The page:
Tesla Motors (NASDAQ:TSLA) took the green-car credit sales crown this past year, according to a California Air Resources Board report released Wednesday. The state tally recorded that, from October 1, 2012, through September 30, Tesla transferred 1,311.52 zero-emission vehicle credits, allowing the company to pass the previous top sellers, Toyota Motor Corp. (NYSE:TM) and Suzuki Motor Corp.
According to Bloomberg, Suzuki was the next largest seller on the list, with 41.199, and was followed by Toyota and General Motors Co. (NYSE:GM), which both transferred 507.5 partial zero-emission vehicle credits.
California requires automakers to sell electric or non-polluting cars in proportion to their market share in the state, reflecting more rigid pollution rules than national standards. Palo Alto, California-based Tesla represented its state well this past year, selling 32 times the number of ZEV credits than its biggest challenger on the list. Each of its Model S sedans generates as many as seven ZEV credits, and Bloomberg reports that Tesla’s ZEV credits this year through June are already worth $119 million, or 12 percent of its first-half revenue.
California’s goal is to get 1.5 million zero-emission vehicles on its roads by 2025, and many of the big-name automakers are already helping the state reach that target by continuing to roll out impressive lineups of fuel-efficient vehicles.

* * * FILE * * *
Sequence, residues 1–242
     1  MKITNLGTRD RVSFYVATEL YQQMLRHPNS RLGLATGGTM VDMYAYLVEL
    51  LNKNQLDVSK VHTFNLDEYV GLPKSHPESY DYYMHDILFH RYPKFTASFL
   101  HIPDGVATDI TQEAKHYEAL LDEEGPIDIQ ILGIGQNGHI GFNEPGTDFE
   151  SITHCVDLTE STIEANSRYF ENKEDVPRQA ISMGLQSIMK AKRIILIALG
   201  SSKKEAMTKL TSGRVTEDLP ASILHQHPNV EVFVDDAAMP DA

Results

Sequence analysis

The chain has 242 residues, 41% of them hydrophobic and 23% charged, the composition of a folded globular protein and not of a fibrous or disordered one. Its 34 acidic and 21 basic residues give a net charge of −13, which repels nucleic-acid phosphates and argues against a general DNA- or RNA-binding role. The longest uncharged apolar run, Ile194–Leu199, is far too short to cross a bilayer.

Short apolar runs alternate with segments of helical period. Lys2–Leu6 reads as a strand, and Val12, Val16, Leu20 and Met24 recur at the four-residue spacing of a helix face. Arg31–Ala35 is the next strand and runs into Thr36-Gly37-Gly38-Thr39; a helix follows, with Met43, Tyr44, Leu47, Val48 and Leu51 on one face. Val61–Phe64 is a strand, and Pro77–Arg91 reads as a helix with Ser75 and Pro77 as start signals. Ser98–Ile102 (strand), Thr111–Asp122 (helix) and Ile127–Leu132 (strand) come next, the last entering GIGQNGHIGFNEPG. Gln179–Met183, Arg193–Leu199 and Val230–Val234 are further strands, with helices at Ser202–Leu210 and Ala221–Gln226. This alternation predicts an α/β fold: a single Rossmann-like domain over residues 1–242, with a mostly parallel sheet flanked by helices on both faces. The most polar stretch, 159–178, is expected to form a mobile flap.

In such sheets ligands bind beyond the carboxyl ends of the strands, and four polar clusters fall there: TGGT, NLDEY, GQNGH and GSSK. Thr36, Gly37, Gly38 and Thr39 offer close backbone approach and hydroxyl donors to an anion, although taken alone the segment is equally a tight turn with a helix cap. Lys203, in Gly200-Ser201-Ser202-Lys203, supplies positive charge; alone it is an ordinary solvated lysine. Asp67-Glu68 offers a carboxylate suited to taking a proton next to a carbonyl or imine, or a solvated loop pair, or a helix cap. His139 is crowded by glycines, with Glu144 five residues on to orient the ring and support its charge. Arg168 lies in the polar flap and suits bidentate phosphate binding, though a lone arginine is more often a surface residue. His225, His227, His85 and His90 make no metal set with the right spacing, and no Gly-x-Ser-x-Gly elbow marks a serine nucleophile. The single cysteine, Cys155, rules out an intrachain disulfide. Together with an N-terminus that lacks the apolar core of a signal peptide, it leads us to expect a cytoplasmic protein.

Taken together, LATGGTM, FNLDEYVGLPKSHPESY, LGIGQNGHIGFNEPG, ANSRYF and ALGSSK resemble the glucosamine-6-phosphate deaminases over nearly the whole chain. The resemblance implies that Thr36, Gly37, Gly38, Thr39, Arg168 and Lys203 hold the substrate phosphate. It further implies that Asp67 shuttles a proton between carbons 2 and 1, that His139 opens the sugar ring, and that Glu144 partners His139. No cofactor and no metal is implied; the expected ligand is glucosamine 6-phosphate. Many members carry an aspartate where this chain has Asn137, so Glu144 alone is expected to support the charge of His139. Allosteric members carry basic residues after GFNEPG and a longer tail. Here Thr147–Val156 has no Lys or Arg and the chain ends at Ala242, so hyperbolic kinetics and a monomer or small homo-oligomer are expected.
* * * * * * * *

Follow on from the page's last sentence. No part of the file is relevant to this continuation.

California residents are known for their proclivity to buy vehicles that boast good fuel economy, and they can now not only choose from Tesla, Toyota, and Suzuki cars, but also those on offer from Chrysler Group LLC, Honda Motor Co. (NYSE:HMC), Volkswagen AG, Subaru, and Jaguar Land Rover, as all these automakers contributed to the Golden State’s ZEV credits this past year.
Tesla will now work to meet its 2013 ZEV goals with its hot-selling Model S sedan, which is priced from $70,000 to more than $100,000. According to Bloomberg, the electric car maker hasn’t yet released its ZEV revenue for the quarter that ended September 30, but the company is expecting significant gains as it opens its Model S business to customers in Europe and Asia.
Toyota’s Prius was the best-selling vehicle line in California through this year’s first three months, but Tesla is soon hoping to surpass Toyota’s totals as it gains momentum in the state; it hopes to sells 21,000 Model S sedans worldwide this year. It’s possible that soon enough, Tesla will be on level playing field with other big-name U.S. and foreign automakers.